Confederate Monuments: Dealing with Tough History

In Ulysses S. Grant’s first inaugural address in March 1869, he discussed the way in which each section of the country should come together and settle their differences after the Civil War. He stated that it should be “approached calmly, without prejudice, hate, or sectional pride, remembering that the greatest good to the greatest number…

The First Completely Annotated Edition of Ulysses S. Grant’s Personal Memoirs

The Personal Memoirs of U.S. Grant are widely considered to be one of the most well-written pieces of non-fiction American literature. Mark Twain, a close friend of Grant’s and whose company published the first edition of the memoirs, called them ‘a great, unique and unapproachable literary masterpiece.’ The memoirs have been in continuous print since…

Martha Ballard: American History Through a Woman’s Perspective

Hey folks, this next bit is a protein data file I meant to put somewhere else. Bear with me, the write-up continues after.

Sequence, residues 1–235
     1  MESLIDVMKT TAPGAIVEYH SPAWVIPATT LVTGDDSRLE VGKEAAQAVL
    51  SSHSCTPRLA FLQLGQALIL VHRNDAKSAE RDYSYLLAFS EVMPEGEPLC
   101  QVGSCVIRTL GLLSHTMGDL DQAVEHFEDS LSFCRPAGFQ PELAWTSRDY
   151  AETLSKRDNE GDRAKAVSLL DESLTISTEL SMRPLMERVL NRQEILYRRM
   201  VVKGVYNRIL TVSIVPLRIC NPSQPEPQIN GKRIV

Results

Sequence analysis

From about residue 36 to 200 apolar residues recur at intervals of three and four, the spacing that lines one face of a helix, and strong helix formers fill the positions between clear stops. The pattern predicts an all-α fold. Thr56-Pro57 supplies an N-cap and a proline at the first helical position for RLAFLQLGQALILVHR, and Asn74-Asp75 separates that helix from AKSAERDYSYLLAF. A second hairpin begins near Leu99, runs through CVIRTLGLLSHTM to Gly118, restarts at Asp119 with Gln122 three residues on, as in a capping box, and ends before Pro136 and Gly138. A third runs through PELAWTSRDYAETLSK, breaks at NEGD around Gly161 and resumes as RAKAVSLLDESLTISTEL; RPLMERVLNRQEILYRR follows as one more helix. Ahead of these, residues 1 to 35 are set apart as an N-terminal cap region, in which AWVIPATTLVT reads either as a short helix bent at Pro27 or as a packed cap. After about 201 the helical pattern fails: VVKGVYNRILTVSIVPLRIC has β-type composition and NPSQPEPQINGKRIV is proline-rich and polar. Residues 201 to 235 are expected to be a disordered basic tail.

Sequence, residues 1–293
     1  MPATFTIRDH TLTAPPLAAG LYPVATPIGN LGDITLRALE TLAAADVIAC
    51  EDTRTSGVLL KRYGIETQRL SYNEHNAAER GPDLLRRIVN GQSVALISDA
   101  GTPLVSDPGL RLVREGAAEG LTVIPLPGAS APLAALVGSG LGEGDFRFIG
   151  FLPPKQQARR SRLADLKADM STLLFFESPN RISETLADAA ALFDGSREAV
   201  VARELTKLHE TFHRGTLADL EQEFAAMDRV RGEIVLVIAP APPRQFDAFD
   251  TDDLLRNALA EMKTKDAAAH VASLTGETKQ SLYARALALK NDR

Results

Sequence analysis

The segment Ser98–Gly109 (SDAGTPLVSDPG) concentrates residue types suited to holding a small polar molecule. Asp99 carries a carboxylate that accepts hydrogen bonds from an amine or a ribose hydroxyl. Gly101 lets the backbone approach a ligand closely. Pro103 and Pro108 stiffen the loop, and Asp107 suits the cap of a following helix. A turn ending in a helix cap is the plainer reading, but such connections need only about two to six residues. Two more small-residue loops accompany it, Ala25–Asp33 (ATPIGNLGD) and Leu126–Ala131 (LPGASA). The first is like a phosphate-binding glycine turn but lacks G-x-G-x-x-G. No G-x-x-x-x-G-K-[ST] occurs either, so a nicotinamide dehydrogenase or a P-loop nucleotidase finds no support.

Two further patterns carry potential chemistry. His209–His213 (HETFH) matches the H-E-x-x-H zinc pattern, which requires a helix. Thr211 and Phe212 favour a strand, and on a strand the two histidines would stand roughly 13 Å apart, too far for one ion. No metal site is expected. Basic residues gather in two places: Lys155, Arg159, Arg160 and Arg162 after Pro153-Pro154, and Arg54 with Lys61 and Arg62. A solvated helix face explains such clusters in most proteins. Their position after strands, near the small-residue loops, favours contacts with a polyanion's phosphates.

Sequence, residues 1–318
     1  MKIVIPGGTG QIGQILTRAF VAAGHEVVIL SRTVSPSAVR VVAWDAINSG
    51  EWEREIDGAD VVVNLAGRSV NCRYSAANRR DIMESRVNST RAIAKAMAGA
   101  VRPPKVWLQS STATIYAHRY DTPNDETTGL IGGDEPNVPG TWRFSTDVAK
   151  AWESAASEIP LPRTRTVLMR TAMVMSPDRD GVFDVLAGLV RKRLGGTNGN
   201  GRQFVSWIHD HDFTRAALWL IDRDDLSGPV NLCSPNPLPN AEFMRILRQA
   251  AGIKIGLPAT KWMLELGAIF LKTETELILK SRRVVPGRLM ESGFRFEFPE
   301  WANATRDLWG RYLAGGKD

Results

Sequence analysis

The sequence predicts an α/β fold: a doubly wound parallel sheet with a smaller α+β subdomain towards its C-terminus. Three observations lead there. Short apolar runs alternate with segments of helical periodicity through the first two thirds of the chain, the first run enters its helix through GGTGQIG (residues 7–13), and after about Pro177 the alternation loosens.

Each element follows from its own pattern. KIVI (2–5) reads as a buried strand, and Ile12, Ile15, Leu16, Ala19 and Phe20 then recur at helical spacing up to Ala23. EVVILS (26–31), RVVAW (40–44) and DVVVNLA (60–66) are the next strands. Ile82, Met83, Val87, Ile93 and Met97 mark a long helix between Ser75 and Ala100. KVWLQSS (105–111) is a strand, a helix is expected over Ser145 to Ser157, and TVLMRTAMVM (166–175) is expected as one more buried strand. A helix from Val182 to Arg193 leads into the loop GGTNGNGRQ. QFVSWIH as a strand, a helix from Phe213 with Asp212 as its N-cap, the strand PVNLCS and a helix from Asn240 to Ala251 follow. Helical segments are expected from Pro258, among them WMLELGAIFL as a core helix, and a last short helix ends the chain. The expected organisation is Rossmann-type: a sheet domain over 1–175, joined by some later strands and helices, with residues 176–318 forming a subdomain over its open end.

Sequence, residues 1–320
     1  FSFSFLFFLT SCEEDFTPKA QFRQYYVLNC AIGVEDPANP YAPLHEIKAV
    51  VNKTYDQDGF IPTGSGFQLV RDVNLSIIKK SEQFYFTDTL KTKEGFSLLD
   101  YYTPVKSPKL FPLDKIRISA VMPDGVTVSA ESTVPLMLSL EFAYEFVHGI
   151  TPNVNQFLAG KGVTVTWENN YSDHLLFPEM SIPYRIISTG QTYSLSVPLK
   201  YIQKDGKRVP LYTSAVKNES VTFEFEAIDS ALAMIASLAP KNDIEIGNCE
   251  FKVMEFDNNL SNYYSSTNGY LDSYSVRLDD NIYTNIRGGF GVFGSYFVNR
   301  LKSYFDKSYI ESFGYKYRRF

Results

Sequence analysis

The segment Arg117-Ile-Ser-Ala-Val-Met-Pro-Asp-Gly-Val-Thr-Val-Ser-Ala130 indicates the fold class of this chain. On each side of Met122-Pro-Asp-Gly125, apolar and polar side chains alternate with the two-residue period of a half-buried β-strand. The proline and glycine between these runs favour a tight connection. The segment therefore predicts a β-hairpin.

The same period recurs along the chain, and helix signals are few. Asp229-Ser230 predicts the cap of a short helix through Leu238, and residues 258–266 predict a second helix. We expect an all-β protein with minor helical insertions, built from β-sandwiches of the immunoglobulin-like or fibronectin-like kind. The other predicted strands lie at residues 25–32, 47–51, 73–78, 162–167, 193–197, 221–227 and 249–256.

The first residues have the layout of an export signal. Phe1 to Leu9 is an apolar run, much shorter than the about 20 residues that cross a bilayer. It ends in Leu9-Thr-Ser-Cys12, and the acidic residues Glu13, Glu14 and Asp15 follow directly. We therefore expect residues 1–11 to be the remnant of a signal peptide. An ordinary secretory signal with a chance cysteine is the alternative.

During the late 1700s, Martha Ballard was a midwife living in Maine. In life, she was not famous or well known but her personal diary brought her fame after death because it revealed the obscured viewpoint of early American women. Ballard’s diary entries covered topics which included textile production, dissections, courtship and marriage, money, the Scarlet…

Dueling Pianos: Muzio Clementi vs. Wolfgang Amadeus Mozart

Can you imagine the scene? It is Christmas Eve in 1781 at the Royal Viennese Court, and everyone, including the Holy Roman Emperor Joseph II, is waiting for the piano duel to commence. Sitting at one piano is a well established Italian composer, Muzio Clementi, and at the other is the most anticipated prodigy of…

John Forsyth and La Amistad

  John Forsyth was born in 1780 and graduated from the College of New Jersey (later renamed Princeton University) in 1799. From 1813 to 1834, Forsyth served as a U.S. congressman, senator, and governor from Georgia. On July 1, 1834, Andrew Jackson appointed him as Secretary of State. He remained in that position during the Martin…